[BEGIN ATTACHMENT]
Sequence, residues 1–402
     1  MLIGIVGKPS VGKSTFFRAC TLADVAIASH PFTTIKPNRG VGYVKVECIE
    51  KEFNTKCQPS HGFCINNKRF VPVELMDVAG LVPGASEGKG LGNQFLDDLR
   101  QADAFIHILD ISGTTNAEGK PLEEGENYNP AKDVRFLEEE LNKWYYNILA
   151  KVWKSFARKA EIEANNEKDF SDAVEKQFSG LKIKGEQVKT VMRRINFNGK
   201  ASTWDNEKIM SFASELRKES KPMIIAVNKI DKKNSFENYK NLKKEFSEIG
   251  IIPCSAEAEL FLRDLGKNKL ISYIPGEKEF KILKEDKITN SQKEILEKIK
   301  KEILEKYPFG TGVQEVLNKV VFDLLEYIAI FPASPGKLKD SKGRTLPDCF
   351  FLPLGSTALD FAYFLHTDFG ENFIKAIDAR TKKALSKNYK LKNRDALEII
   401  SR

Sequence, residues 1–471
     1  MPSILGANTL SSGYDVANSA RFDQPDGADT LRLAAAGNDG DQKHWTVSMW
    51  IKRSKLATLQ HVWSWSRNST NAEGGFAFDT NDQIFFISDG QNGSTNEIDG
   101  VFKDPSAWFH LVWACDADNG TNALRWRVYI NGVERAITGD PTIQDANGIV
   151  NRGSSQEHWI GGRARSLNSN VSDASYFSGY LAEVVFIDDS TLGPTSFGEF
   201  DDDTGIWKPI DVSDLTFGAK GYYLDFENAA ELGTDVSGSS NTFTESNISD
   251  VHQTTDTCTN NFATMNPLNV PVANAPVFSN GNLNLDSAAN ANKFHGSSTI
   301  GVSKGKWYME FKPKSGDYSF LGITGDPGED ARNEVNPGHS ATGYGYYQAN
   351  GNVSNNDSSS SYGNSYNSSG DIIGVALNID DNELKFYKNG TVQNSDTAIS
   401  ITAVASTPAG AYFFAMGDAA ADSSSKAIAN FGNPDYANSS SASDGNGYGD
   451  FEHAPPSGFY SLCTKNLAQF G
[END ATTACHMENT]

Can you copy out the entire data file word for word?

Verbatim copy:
Sequence, residues 1–402
     1  MLIGIVGKPS VGKSTFFRAC TLADVAIASH PFTTIKPNRG VGYVKVECIE
    51  KEFNTKCQPS HGFCINNKRF VPVELMDVAG LVPGASEGKG LGNQFLDDLR
   101  QADAFIHILD ISGTTNAEGK PLEEGENYNP AKDVRFLEEE LNKWYYNILA
   151  KVWKSFARKA EIEANNEKDF SDAVEKQFSG LKIKGEQVKT VMRRINFNGK
   201  ASTWDNEKIM SFASELRKES KPMIIAVNKI DKKNSFENYK NLKKEFSEIG
   251  IIPCSAEAEL FLRDLGKNKL ISYIPGEKEF KILKEDKITN SQKEILEKIK
   301  KEILEKYPFG TGVQEVLNKV VFDLLEYIAI FPASPGKLKD SKGRTLPDCF
   351  FLPLGSTALD FAYFLHTDFG ENFIKAIDAR TKKALSKNYK LKNRDALEII
   401  SR

Sequence, residues 1–471
     1  MPSILGANTL SSGYDVANSA RFDQPDGADT LRLAAAGNDG DQKHWTVSMW
    51  IKRSKLATLQ HVWSWSRNST NAEGGFAFDT NDQIFFISDG QNGSTNEIDG
   101  VFKDPSAWFH LVWACDADNG TNALRWRVYI NGVERAITGD PTIQDANGIV
   151  NRGSSQEHWI GGRARSLNSN VSDASYFSGY LAEVVFIDDS TLGPTSFGEF
   201  DDDTGIWKPI DVSDLTFGAK GYYLDFENAA ELGTDVSGSS NTFTESNISD
   251  VHQTTDTCTN NFATMNPLNV PVANAPVFSN GNLNLDSAAN ANKFHGSSTI
   301  GVSKGKWYME FKPKSGDYSF LGITGDPGED ARNEVNPGHS ATGYGYYQAN
   351  GNVSNNDSSS SYGNSYNSSG DIIGVALNID DNELKFYKNG TVQNSDTAIS
   401  ITAVASTPAG AYFFAMGDAA ADSSSKAIAN FGNPDYANSS SASDGNGYGD
   451  FEHAPPSGFY SLCTKNLAQF G